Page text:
Why Do Dogs Kick When You Scratch Them?

No dog lover can resist doling out a good belly rub when their pup flops onto the floor and shows their stomach. Its always your goal to find that magic spot that gets their leg moving like Thumper in Bambi. When you find it, and your dogs leg starts going crazy, you assume youre giving them exactly what they asked for.

Regular belly rubs (the ones that dont involve leg kicking) are still enjoyable, and the feeling of their owners affection overshadows all else. Tensing their muscles, pinning their ears, and keeping their mouth tightly closed are also things dogs do when theyre uncomfortable or irritated.

As long as your dogs body language is saying all good things, theres no reason to stop doling out leg-kick-worthy belly rubs.

Does scratch reflex hurt dogs?

Scratch Reflex. It doesn’t hurt your pup, and she’s not trying to tell you to stop scratching. … The origin of this reflex isn’t completely clear, but it’s likely the reflex developed as a way to stop annoying pests such as fleas from getting a foothold on your dog’s skin.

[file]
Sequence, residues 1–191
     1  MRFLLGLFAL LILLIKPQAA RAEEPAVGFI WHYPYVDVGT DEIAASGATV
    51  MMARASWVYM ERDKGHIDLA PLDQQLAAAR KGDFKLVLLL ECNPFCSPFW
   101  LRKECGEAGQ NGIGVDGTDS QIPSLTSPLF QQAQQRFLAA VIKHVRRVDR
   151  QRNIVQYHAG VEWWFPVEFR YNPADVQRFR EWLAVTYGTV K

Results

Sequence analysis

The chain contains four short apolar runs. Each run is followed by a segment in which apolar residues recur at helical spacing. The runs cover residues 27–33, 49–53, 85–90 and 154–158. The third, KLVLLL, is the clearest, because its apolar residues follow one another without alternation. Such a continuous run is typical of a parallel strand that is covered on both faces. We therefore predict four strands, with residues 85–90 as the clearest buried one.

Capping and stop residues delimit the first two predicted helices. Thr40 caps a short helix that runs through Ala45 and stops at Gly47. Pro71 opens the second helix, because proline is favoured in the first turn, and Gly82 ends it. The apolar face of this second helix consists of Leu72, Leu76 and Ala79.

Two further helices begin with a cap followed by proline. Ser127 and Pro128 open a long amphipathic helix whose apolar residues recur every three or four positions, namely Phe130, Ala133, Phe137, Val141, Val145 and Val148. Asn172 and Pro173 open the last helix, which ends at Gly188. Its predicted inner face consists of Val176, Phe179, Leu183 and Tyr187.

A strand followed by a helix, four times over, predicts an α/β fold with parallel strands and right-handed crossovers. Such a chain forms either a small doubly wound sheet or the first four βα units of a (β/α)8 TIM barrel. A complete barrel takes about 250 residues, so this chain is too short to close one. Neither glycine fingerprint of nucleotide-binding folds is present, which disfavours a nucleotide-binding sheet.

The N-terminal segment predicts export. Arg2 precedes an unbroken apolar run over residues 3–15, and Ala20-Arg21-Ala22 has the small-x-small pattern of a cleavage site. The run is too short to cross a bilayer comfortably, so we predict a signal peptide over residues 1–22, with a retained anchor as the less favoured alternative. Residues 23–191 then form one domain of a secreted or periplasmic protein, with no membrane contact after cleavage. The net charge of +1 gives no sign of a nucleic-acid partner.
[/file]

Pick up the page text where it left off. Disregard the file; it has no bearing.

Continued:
Why do dogs start kick when you scratch them?

A cluster of nerves located under the skin makes up the dog sweet spot. When you scratch your pet’s tummy and hit this spot, these nerves get activated and send a message to the hind leg, via the spinal cord, to start kicking in an attempt to dislodge the source of irritation.

Do dogs like it when you scratch their back?

And just like those hard to reach places on our backs, dogs love having that spot scratched as well. … This area at the base of your dog’s tail is full of sensitive nerve endings. As such, the scratching sensation in this area is quite pleasurable to our canine companions.

Why do dogs spread their back legs when you pet them?